Once orthexia nervosa took hold, all I can say is that the disorder progressed rapidly and the effects were dramatic. I had immediate and extreme weight loss, increased energy and stamina, and suddenly this medication was no longer needed, and the next one, and the next one. Within two years as a matter of fact, I was RX free!  It hasn’t come without cost though, I had to give up a LOT of things – wonderful, convenient on the go things because guess what, not only was I learning that they weren’t good for me, the longer I avoided them, the more they made me sick when I decided to “cheat”. I promise you that a trip to McDonald’s or a quick Domino’s Pizza would level me for days. Anytime I deviate from my healthy eating neurosis, physical sickness is imminent.

Gone are the days of Pop Tarts and PMS, General Chicken takeout, and sub sandwich on the run, topped off of course with an evening of frozen custard. But you know what? Even with full blown orthexia nervosa I feel good, really good, and if I had it to over again I can definitively say that yes, I would risk exposure and take the plunge because being an orthexic has been without a doubt one of the best things that ever happened to me. And as I sit here 11 years beyond the point I thought I was dying, I think I can safely say that orthexia nervosa has saved my life.

Monday, June 21, 2010

Stop. Breathe. Focus on What’s Right.

Sometimes we get caught up in things outside the moment - bad decisions we’ve made in the past, worries over what might happen in the future – the shoulda, coulda, woulda kind of crap - and before you know it you’re caught on a spiral of what’s wrong and trying to find what’s right is completely out of reach.

How much of your day do you spend on worry, stressing over this and that, or in outright fear? Are there health concerns at play? Money problems? Job issues? How much time do you spend focusing on those concerns? Taking stock of how you feel in each moment? Are you not only concerned about your immediate problems but now also becoming concerned about the health and well being of your loved ones, your community, your nation, or the world? How much time do you spend in these thoughts, in the “What’s Wrong” place? How many minutes, or in some cases hours, do these concerns run a background dialog in your day? And if these thoughts go away, what triggers the return…. because I know they return. What does it take to get those thoughts rolling again, enough to get you back into a “What’s Wrong” place?

What we focus on expands – that has been proven time and time again.

So the question is, what do you want to expand? Problems, worries, stress, or drama? Or maybe, just maybe you can shift your thinking and focus on what’s good in your life - at this moment - what’s going well, what you more than likely are taking for granted. Think about it, how much time in any given 24 hour period do you spend in the moment, focusing on what’s right?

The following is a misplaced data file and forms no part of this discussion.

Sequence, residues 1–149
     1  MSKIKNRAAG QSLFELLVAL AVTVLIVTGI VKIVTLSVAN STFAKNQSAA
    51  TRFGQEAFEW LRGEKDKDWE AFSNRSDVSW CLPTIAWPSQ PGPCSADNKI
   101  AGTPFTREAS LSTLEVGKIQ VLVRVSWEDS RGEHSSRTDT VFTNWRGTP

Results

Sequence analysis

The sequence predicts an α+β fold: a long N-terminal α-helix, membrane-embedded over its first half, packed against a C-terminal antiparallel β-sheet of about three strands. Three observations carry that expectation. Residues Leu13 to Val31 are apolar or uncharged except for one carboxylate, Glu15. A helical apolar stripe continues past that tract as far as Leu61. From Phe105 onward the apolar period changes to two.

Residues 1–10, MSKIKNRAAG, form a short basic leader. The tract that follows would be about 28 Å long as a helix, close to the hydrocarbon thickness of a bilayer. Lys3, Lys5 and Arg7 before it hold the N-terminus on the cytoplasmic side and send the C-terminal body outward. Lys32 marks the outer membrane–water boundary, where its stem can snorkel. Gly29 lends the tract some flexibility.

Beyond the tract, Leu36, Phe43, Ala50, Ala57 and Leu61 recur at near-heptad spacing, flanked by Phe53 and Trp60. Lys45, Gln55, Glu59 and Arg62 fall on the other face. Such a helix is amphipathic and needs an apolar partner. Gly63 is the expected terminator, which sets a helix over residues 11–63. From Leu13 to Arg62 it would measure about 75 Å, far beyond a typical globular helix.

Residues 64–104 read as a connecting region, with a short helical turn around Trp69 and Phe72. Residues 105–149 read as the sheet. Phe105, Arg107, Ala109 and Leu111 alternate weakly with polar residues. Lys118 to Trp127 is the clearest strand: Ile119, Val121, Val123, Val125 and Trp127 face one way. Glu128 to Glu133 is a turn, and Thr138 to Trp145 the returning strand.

Easier said than done I’ve been told, and I get that. It’s hard to disconnect from the “What’s Wrong” because we, as individuals and as a society, have been focusing on it for so long that it just keeps getting bigger and bigger. But guess what, it might be easier said than done but it is not impossible, not by a long shot.

The key to being fully present in the moment is gratitude.

Now I know that gratitude might seem like a simple concept, but how much time do you actually spend there? Dan Baker, Ph.D. and author of What Happy People Know writes what is perhaps the best definition of gratitude I have read, “Appreciation, or gratitude is the first and most fundamental happiness tool. Gratitude is the purest, strongest form of love. It is the outward-bound kind of love that asks for nothing and gives everything. Gratitude is the antidote to fear. Fear is strong but love is stronger.”

To fully step into the moment you have to first stop thinking about what has happened, or what could happen, or what you shoulda, coulda, woulda done. Stop. Breathe. And think about right now.

What are you doing?

Where are you?
What’s around you?
What in this breath, and the next are you grateful for?

Repeat as necessary.

That’s the key, just stop, breathe, and focus on what’s right.

If you can’t just go there mentally, go there physically. Work in a garden, clean your house, or your car, go for a walk with someone you love, pet a cat, get a dog, fly a kite, go out and eat ice cream – something that makes you happy – something that will make you focus on the moment. And when you are in that moment, stop, breathe, and think about what’s right.

Do this at least five times a day and watch – as you change your focus – you also change your world.

Friday, June 18, 2010

Reducing Environmental Cancer Risks Starts With You...

Somewhat lost in the media spotlight, due to the horrific situation in the Gulf of Mexico, has been the 2008–2009 Annual Report from the President’s Cancer Panel, REDUCING ENVIRONMENTAL CANCER RISK  What We Can Do Now, published by Suzanne H. Reuben in April 2010 in conjunction with the U.S. Department of Health and Human Services, National Institutes of Health, and the National Cancer Institute.